A catastrophic dam failure at a Michigan hydropower disaster this month has left thousands stranded, highlighting the fact that when it comes to clean energy
it’s not all rainbows and unicorns. The events were like the stereotypical action movie. Surreal, actually. And if you weren’t living it, it would be nearly impossible to believe…
A deadly Wuhan-originating virus, complete with unknown properties and remedies, makes its way to major U.S. cities. It spreads. The entire economy shuts down, leaving tens of millions of people without work and scrambling to find hand sanitizer and toilet paper and debt-laden oil companies withering on the vine, threatening the very notion of America’s energy independence.
Then, just as the spread of the virus begins to slow, major rainfall, combined with what could be kindly described as negligence, collapses a hydropower dam, requiring the evacuation of 10,000 residents near Midland, Michigan.
Now, as Midland residents move to sue the dam owner, the latter is pointing fingers at state regulators. Others are placing the blame squarely on FERC, the government body tasked with issuing licenses to generate electricity from dams.
Whoever is at fault, the tragedy raises critical questions of the viability of the renewables segment that has been hailed as the cheapest form of power the world over.
Last week, the Edenville dam in Michigan experienced a catastrophic failure after particularly heavy rains. The dam, which is owned and operated by an independent company Boyce Hydro Power LLC and generates electricity to sell on to utility companies, also holds back Wixom Lake from the Tittabawassee River. About 10,000 mid-Michigan residents were evacuated, and a state of emergency declared. (Make that another state of emergency, as one already exists in Michigan for the coronavirus pandemic.)
The collapse of the dam then triggered another failure of a second dam, the Sanford dam. Then yet another structure, the Poseyville Dike, followed suit. More water, more evacuations.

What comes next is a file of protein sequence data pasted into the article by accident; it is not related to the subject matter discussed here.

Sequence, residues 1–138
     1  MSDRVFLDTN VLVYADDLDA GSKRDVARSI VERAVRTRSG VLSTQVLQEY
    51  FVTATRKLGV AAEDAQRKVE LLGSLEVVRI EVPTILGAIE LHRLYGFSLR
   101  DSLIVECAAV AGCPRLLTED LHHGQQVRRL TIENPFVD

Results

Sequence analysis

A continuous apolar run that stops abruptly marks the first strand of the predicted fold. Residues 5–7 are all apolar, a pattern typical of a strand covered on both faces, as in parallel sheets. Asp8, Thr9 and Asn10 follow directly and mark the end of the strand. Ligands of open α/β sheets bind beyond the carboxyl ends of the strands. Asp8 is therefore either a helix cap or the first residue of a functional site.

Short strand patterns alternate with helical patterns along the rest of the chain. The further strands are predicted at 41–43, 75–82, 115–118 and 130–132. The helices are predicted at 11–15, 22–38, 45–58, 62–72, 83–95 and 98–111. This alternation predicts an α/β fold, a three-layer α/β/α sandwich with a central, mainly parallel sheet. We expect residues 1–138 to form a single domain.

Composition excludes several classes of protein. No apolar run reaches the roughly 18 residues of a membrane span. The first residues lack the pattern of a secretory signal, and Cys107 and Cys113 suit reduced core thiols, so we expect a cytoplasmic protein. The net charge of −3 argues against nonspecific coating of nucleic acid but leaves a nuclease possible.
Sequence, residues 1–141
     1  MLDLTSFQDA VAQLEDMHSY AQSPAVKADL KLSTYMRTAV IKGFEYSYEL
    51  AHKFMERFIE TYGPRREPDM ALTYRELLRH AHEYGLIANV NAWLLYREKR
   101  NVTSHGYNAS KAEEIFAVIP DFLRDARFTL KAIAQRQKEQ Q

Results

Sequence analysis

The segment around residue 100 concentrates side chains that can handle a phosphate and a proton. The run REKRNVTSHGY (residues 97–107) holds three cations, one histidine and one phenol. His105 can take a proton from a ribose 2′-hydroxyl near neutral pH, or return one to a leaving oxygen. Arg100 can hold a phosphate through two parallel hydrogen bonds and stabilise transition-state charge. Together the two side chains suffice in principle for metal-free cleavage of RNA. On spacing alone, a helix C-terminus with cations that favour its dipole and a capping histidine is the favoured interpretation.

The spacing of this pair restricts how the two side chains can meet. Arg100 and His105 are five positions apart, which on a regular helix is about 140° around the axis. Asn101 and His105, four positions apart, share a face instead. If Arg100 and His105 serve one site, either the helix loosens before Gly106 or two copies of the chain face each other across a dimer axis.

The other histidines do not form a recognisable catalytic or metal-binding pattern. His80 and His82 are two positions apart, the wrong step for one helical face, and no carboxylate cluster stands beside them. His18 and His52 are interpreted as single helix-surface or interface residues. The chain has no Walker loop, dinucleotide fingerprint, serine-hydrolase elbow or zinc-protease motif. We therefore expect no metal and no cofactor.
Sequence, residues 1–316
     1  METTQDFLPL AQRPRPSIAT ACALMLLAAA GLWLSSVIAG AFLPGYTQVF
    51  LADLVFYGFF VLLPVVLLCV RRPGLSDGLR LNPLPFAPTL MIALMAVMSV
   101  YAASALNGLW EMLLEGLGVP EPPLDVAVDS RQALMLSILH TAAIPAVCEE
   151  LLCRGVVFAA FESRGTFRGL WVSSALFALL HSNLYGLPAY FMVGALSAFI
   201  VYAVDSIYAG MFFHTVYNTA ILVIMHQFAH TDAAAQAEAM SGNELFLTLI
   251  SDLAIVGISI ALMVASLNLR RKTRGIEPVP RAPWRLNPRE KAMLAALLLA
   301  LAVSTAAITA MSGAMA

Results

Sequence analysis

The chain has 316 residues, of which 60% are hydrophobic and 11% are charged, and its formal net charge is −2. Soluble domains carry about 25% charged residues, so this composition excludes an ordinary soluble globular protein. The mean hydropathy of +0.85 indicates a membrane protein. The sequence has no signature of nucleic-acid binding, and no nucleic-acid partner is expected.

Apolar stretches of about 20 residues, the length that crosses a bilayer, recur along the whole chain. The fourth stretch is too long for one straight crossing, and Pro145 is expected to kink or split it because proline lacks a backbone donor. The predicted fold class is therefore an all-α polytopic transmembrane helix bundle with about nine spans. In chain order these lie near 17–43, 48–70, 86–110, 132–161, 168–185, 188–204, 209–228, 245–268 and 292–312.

Midland, home to 42,000 residents, is also home to Dow Chemical, which lies on the banks of the Tittabawassee River, unfortunately positioned downstream from both the Edenville and Sanford dams.
The flooding was thought to be the worst in 500 years.
How much of the hydropower disaster can rightfully be pinned on torrential rains is still in question, in part because the dam just wasn’t up to snuff in the first place.
Boyce Hydro’s Edenville Dam
The Edenville dam is a 4.8 MW project that generates and sells electricity to power companies such as Consumers Energy and Detroit Edison. It has been doing so for decades, but there have been major problems with the dam that have gone unattended.
The Federal Energy Regulatory Commission, which grants licenses for hydropower projects in the United States, dinged Boyce Hydro for their Edenville dam project decades ago. Yes, decades.
The problem? According to FERC, the project needed to increase its spillway capacity, due to a concern that the project was unable to pass the Probable Maximum Flood, or PMF. This is a metric that defines the largest predictable storm.
Boyce considers that this has been calculated to occur once in a million years. It is likely this belief that has contributed in part to the spillway being capable of handling only half the PMF.
The problem is, we’ve just seen that maximum flood.
When FERC first identified the spillway deficiencies in 1999, the project was owned by Wolverine Power Corp. The project and its license were transferred to Boyce in 2004.
Fast forward twenty years and nothing has been done to increase the project’s spillway capacity. And in fact, FERC suspended Boyce’s license to generate power from the dam in 2018 due to its failure to bring the project into compliance “knowingly and willfully”.
While Boyce appealed the suspension, FERC denied the request, saying in part,
“We have previously concluded that “Boyce Hydro has, for more than a decade, knowingly and willfully refused to comply with major aspects of its license and the Commission’s regulatory regime, with the result that public safety has been put at risk and the public has been denied the benefits, particularly hydropower disaster project recreation, to which it is entitled” and that “[t]he record demonstrates that there is no reason to believe that Boyce Hydro will come into compliance; rather, the licensee has displayed a history of obfuscation and outright disregard of its obligations.”
Boyce, however, argues that the local regulatory body pushed Boyce in April to raise water levels in the lake prior to the flooding.
This news was originally posted on oilprice.com